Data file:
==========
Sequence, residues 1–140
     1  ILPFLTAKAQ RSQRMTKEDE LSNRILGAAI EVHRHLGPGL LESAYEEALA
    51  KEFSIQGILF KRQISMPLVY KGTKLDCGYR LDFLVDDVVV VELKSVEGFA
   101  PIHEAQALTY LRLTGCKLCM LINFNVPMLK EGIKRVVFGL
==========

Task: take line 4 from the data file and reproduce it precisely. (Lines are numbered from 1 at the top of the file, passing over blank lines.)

   101  PIHEAQALTY LRLTGCKLCM LINFNVPMLK EGIKRVVFGL